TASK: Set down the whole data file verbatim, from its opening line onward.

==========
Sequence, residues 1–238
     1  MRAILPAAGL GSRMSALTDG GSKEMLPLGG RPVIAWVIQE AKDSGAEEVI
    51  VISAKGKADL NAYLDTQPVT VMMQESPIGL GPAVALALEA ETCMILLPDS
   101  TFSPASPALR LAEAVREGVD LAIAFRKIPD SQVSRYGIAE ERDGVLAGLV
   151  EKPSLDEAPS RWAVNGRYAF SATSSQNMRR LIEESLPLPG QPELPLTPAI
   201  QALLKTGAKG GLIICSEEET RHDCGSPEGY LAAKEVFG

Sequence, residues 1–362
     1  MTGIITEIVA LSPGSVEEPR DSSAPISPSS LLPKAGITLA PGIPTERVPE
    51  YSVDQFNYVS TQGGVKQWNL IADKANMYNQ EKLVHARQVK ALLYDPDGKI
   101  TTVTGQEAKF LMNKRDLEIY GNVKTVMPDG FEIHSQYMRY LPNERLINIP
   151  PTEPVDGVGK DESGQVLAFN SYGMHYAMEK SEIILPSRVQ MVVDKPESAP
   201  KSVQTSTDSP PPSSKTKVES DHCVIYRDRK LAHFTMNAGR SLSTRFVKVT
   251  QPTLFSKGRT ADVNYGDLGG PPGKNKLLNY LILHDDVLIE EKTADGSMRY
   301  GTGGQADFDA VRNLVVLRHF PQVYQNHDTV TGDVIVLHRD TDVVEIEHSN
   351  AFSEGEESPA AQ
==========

Sequence, residues 1–238
     1  MRAILPAAGL GSRMSALTDG GSKEMLPLGG RPVIAWVIQE AKDSGAEEVI
    51  VISAKGKADL NAYLDTQPVT VMMQESPIGL GPAVALALEA ETCMILLPDS
   101  TFSPASPALR LAEAVREGVD LAIAFRKIPD SQVSRYGIAE ERDGVLAGLV
   151  EKPSLDEAPS RWAVNGRYAF SATSSQNMRR LIEESLPLPG QPELPLTPAI
   201  QALLKTGAKG GLIICSEEET RHDCGSPEGY LAAKEVFG

Sequence, residues 1–362
     1  MTGIITEIVA LSPGSVEEPR DSSAPISPSS LLPKAGITLA PGIPTERVPE
    51  YSVDQFNYVS TQGGVKQWNL IADKANMYNQ EKLVHARQVK ALLYDPDGKI
   101  TTVTGQEAKF LMNKRDLEIY GNVKTVMPDG FEIHSQYMRY LPNERLINIP
   151  PTEPVDGVGK DESGQVLAFN SYGMHYAMEK SEIILPSRVQ MVVDKPESAP
   201  KSVQTSTDSP PPSSKTKVES DHCVIYRDRK LAHFTMNAGR SLSTRFVKVT
   251  QPTLFSKGRT ADVNYGDLGG PPGKNKLLNY LILHDDVLIE EKTADGSMRY
   301  GTGGQADFDA VRNLVVLRHF PQVYQNHDTV TGDVIVLHRD TDVVEIEHSN
   351  AFSEGEESPA AQ